“There’s a darkness on the edge of town here, folks,” he said. “Let’s not confuse the fact. It’s killing people. … You can say, ‘Well, traffic accidents kill a lot of people too.’ But traffic accidents happen because a lot of drivers aren’t doing their part. They’re not using their turn signals. They’re driving too fast, they’re not paying attention.”
Hanks and his wife, Rita Wilson, tested positive for the coronavirus in mid-March, a stunning development that drove home the ubiquity and seriousness of the disease. While the couple recovered and don’t have lingering effects, Hanks said the state of affairs in the U.S. is not encouraging, though he did not go after individual political leaders or institutions. Rather, he described the letdown as societal.
“The idea of doing one’s part should be so simple,” he said. “It’s such a small thing. … It’s a mystery to me how somehow that has been wiped out of what should be ingrained in us all.”
The actor, who turns 64 on Thursday, has been promoting Greyhound, the World War II submarine movie he wrote and stars in, which will premiere Friday on Apple TV+. (Sony, which had initially planned a June release for the film, struck a deal in May to move it to Apple.) Asked about the experience of opening a movie online rather than movie theaters, Hanks winked at Apple as a “benevolent streaming service” but then made a sincere case for streaming. “It’s going to be available. It’s going to be viewable,” he said. “Otherwise, we would have languished in a vault.”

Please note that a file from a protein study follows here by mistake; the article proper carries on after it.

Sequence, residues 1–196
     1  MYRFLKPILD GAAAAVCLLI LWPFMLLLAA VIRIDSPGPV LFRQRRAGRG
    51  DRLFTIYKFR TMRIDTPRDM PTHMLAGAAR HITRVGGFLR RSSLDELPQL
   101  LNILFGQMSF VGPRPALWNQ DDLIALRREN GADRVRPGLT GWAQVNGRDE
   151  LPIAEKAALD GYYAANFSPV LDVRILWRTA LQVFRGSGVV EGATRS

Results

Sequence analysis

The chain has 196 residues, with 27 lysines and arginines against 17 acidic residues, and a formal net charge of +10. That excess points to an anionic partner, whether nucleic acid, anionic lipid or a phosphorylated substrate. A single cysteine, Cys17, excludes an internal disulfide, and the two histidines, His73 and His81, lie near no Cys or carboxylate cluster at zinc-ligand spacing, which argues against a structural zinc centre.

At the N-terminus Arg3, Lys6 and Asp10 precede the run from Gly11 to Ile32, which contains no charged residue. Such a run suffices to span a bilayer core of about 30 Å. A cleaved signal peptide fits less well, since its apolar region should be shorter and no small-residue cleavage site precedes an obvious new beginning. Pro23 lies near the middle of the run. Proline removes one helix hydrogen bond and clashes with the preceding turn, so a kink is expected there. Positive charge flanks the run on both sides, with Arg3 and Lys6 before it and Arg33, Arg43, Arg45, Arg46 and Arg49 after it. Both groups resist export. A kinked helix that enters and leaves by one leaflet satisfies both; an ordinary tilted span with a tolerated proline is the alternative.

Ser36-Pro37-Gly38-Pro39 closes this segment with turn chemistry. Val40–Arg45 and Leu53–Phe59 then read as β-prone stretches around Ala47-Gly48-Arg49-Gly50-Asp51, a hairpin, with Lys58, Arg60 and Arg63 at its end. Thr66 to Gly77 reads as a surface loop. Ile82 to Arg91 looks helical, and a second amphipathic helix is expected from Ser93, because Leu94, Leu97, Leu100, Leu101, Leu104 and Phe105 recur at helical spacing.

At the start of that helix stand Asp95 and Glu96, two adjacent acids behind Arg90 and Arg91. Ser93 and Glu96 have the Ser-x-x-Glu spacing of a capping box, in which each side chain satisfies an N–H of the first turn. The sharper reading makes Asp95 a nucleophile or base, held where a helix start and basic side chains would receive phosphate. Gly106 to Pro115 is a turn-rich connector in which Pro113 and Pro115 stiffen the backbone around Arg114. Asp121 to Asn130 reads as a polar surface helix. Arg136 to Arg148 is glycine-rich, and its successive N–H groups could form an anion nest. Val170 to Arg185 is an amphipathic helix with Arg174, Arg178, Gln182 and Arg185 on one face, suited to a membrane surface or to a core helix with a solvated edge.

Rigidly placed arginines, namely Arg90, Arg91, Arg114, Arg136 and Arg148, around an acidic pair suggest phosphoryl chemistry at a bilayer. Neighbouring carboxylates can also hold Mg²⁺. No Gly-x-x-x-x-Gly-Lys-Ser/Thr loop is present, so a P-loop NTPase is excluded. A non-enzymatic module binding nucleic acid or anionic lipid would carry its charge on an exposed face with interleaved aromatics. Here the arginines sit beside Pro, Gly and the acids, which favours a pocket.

In a print interview with The Guardian that went online Monday (and highlighted again in the introduction to the Today interview), Hanks said political leaders have let the public down. “I must say, I grew up looking to our leaders for calm and informed guidance and I don’t think we’ve got that,” he said.
More interesting to those in the entertainment business were Hanks’ comments about the lack of a theatrical release for Greyhound. He called it “an absolute heartbreak,” arguing “there is a difference in picture and sound quality,” comments he acknowledged could make his “overlords” at Apple upset. On Today, Hanks took a notably different tack, noting the “magnificent deal” for consumers in the $5 price of Apple TV+. “We’re going to be able to fill up the screens and the living rooms and the beanbag chairs of the world, all in one fell shot. We feel as though we were rescued at sea by a convoy with a big apple logo with a bite taken out of it.”
The 1942 period depicted in the film offers lessons for today, Hanks said on Today. “There was a sensibility then that permeated society, which was: ‘Do your part,'” Hanks said. “There was a tiny bit of stuff that you could do to aid the effort.” During the war, “They didn’t know when it was going to come to an end, and we don’t know what’s going to happen with COVID-19.”
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